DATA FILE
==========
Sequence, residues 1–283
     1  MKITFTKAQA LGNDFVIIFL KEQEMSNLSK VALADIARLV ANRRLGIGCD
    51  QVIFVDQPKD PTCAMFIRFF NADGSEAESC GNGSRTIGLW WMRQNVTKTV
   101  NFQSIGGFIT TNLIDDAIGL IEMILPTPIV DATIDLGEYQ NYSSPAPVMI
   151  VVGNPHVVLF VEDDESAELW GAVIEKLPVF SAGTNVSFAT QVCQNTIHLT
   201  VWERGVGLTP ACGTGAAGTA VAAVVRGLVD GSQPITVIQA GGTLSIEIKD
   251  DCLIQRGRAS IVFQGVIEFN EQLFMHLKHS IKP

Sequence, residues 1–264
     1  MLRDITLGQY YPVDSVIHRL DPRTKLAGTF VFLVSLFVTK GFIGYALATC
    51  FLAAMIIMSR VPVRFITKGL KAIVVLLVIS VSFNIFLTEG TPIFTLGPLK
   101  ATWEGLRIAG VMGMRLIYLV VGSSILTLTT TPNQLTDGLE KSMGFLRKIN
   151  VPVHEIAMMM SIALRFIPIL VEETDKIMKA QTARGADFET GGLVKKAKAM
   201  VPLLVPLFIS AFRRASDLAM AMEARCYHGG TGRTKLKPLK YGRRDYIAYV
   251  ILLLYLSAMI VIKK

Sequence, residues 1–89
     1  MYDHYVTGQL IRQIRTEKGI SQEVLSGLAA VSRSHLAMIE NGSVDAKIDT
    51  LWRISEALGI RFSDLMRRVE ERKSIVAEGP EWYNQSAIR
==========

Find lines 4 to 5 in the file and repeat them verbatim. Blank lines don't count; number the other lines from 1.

   101  NFQSIGGFIT TNLIDDAIGL IEMILPTPIV DATIDLGEYQ NYSSPAPVMI
   151  VVGNPHVVLF VEDDESAELW GAVIEKLPVF SAGTNVSFAT QVCQNTIHLT